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Real time observation of the hydrothermal crystallization of barium titanate using in situ neutron powder diffraction.

The hydrothermal crystallization of barium titanate, BaTiO3, has been studied in situ by time-resolved powder neutron diffraction methods using the recently developed Oxford/ISIS hydrothermal cell. This technique has allowed the formation of the ferroelectric ceramic to be followed in a noninvasive manner in real time and under genuine reaction conditions. In a first set of experiments, Ba(OD)2-8D2O was reacted with two different titanium sources, either crystalline TiO2 (anatase) or amorphous TiO2-H2O in D2O, at 100-140 degrees C and the reaction studied using the POLARIS time-of-flight neutron powder diffractometer, at the ISIS Facility. In a second series of experiments, the reaction between barium chloride and crystalline TiO2 (anatase) in NaOD/D2O was studied at temperatures between 100 and 200 degrees C and at different deuterioxide concentrations using the constant-wavelength D20 neutron powder diffractometer at the Institut Laue Langevin. Quantitative growth and decay curves were determined from analysis of the integrated intensities of Bragg reflections of starting materials and product phases. In both sets of experiments the rapid dissolution of the barium source was observed, followed by dissolution of the titanium source before the onset of crystallization of barium titanate. Using a nucleation-growth model we are able to simulate the growth curve of barium titanate at three temperatures. Our results indicate the predominance of a homogeneous dissolution-precipitation mechanism for the hydrothermal formation of barium titanate, rather than other possible mechanisms that have been discussed in the literature. Analysis of the line widths of the Bragg reflections in the neutron diffraction data indicates that the particle size of the BaTiO3 product phase prepared from the amorphous TiO2-H2O is smaller than that prepared from crystalline TiO2 (anatase).[1]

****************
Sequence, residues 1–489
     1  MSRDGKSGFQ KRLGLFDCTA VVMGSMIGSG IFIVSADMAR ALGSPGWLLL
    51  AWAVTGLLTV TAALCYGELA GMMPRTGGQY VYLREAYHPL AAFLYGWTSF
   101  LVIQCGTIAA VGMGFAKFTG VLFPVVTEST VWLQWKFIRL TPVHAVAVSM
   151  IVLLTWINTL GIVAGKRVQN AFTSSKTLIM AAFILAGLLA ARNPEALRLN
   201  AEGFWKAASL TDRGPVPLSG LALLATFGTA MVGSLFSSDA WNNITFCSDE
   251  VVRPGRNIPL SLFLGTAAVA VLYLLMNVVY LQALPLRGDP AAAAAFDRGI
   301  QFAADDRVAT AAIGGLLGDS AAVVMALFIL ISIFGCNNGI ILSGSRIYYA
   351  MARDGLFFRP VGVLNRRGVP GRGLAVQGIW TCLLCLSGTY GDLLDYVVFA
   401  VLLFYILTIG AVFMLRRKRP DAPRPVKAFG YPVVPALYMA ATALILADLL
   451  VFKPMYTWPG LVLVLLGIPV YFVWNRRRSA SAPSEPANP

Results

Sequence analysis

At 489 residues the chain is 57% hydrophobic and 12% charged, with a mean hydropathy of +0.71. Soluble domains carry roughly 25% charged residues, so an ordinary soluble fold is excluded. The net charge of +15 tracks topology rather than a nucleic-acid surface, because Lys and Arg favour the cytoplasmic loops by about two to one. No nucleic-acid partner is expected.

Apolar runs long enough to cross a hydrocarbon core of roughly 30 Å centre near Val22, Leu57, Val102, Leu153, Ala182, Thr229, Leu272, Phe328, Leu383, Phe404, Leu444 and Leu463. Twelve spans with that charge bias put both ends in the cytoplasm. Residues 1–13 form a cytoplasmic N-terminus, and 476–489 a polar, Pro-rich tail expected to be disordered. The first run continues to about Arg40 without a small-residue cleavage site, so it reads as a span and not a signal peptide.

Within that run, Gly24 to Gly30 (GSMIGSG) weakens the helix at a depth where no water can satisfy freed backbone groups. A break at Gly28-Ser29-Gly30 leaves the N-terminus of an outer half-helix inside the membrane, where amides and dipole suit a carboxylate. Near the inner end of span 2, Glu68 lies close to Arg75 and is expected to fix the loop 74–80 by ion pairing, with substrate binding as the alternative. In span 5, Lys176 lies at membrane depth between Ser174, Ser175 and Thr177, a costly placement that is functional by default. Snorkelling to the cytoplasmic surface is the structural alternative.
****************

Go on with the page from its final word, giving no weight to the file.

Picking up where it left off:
1. Real time observation of the hydrothermal crystallization of barium titanate using in situ neutron powder diffraction. Walton, R.I., Millange, F., Smith, R.I., Hansen, T.C., O'Hare, D. J. Am. Chem. Soc. (2001) [Pubmed]
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